Date of Award


Document Type


Degree Name

Master of Arts (MA)




Traditionally, the ministry has had a reputation for being a very lonely profession. Although widely acknowledged in the literature, no empirical research seems to be available investigating the nature of this alleged problem. On the basis of information gathered from the literature and fran a number of interviews with several pastors in the Grand Forks area, the present study set out to investigate ministerial loneliness by qualitatively assessing and comparing a) the nature of the friendships of a population of pastors with those of matched control laymen, and b) the amount of discomfort aroused by the presence of those pastors vs. of the controls. Such discomfort is discussed as significant, for the implications it has for the pastor's ability to form friendships with men in his congregation .

The questionnaire format of data gathering was used. Pastors and controls from 12 congregations responded to a questionnaire to provide a qualitative description of their closest friendship. A second questionnaire was given to a larger group of respondents from each congregation, half responding with the pastor and half with the control person (Mr. X) as their focus. This questionnaire provided a description of some normative restrictions which the respondent imposes on the focus person (to be analyzed at a later stage), the strength of the friendship he has with the focus person, and the amount of discomfort he experiences in the focus person's presence. The pastors were also asked to respond to this questionnaire as they would expect these men to respond.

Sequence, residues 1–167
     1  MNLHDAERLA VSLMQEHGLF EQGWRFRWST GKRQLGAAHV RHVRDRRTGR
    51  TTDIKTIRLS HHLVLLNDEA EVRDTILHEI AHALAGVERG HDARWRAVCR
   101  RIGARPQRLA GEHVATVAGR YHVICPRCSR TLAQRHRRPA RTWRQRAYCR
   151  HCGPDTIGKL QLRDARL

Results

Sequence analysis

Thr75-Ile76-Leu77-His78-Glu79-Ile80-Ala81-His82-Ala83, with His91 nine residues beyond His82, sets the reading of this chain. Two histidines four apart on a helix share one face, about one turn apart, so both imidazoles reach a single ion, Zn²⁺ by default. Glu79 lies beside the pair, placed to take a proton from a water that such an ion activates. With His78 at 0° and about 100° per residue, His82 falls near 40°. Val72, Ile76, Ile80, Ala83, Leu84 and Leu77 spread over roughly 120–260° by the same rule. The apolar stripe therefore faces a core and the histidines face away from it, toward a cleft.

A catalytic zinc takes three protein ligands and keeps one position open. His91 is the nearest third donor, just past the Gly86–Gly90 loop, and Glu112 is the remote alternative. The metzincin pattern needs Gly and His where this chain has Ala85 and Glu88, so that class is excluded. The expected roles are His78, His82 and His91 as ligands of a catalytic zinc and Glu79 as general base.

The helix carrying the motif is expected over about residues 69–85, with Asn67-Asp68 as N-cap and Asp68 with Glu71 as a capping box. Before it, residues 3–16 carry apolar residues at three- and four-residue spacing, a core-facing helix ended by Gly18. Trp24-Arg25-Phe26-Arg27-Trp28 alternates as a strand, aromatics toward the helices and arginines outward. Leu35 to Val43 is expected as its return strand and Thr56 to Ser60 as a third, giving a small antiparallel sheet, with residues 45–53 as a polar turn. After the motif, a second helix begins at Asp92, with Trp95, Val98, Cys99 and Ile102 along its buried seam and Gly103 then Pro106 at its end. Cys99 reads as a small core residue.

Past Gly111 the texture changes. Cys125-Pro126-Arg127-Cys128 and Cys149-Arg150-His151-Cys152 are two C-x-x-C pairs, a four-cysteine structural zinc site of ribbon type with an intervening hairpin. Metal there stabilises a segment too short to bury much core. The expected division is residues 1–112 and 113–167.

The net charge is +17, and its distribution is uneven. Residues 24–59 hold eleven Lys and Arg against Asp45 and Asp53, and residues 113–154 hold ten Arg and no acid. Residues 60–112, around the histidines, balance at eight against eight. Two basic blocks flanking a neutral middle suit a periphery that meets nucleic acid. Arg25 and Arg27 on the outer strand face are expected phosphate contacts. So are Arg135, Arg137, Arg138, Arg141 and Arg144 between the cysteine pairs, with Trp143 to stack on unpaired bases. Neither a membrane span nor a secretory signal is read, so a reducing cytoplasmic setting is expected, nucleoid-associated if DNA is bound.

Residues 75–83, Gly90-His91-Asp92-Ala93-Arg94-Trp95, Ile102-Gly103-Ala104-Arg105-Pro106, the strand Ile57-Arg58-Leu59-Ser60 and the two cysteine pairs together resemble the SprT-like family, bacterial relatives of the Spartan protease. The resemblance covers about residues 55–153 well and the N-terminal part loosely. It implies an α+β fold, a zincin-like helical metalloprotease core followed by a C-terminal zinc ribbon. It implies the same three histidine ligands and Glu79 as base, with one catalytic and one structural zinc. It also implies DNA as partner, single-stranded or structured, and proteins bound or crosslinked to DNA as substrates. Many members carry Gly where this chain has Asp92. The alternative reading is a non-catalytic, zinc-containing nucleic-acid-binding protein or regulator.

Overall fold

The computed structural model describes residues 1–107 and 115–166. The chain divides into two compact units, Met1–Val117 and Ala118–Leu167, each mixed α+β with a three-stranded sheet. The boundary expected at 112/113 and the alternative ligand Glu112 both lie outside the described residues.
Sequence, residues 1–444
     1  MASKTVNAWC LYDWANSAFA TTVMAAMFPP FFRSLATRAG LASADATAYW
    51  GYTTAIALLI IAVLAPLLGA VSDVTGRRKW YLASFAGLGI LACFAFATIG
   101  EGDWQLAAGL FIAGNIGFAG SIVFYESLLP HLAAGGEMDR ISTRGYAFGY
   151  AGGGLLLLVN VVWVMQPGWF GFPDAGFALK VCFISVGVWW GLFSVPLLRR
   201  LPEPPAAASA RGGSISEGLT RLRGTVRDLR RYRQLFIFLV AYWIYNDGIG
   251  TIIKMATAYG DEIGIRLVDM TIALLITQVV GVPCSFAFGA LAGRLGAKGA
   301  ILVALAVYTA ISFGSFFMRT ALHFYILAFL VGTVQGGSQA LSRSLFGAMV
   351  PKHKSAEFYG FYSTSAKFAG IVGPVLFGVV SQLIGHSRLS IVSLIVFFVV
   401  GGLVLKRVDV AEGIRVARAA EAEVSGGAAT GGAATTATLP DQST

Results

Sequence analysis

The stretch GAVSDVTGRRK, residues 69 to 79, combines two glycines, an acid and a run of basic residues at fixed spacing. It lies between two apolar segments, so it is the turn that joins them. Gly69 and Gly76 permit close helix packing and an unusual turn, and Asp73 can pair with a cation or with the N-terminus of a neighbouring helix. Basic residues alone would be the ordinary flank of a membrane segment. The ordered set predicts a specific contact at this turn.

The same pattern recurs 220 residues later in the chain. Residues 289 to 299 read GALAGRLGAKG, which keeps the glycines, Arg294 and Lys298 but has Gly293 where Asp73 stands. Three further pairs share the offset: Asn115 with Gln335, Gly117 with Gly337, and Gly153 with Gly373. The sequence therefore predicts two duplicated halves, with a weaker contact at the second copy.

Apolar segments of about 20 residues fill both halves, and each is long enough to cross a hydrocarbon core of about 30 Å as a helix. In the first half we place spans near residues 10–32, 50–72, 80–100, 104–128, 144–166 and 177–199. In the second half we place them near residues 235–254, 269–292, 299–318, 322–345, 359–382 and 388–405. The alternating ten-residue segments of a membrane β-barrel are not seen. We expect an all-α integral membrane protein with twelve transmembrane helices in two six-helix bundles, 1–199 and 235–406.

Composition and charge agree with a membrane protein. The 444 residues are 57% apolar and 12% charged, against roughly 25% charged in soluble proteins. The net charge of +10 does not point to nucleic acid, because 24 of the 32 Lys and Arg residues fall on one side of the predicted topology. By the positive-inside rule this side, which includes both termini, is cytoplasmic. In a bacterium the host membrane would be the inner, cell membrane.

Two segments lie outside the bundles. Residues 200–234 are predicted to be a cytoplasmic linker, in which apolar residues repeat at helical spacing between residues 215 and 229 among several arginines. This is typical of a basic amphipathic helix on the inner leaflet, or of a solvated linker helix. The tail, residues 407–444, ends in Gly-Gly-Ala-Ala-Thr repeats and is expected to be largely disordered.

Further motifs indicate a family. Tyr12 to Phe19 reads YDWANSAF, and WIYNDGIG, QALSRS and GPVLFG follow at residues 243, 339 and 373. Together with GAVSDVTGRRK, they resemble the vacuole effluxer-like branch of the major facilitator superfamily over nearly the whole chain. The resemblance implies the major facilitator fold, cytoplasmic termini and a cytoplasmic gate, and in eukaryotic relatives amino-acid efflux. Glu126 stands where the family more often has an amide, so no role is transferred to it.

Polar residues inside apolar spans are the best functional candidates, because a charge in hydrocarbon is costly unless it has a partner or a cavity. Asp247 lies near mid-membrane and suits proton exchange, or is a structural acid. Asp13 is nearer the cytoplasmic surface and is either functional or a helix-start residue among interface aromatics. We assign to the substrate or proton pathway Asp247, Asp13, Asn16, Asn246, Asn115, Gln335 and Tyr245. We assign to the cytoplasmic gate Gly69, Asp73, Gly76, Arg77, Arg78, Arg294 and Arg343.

Correlational analyses, multiple regression and matched t-tests were conducted on the data. The results showed that there was no difference between the closest friendships of the pastors vs. those of the controls. There was a significant difference between pastors and controls in terms of the pedestal effect: respondents reported significantly greater discomfort aroused by the pastors' presence than by the controls'. However, neither this pedestal effect on the average, nor the pastors' perception of the pedestal effect were able to account for any significance in the variability of the pastors' closest friendships or of their average friendships in the congregation. Further, averaging across congregations yielded no significance in the correlation between the pedestal effect and friendship strength of respondents toward the focus person. However, when looking at these same correlations for each individual respondent, the relationship was significantly negatively correlated for those men responding to the pastor. This was not true for control s.

The findings were interpreted and discussed in terms of their implications for understanding the problem of ministerial loneliness. Recommendations for future research were suggested. It was concluded that while the pedestal effect does not make a difference with pastors' friendships overall, it does have implications for his ability to establish such relationships with certain individuals. Also significant is the finding that this is a problem with which the layman does not have to contend.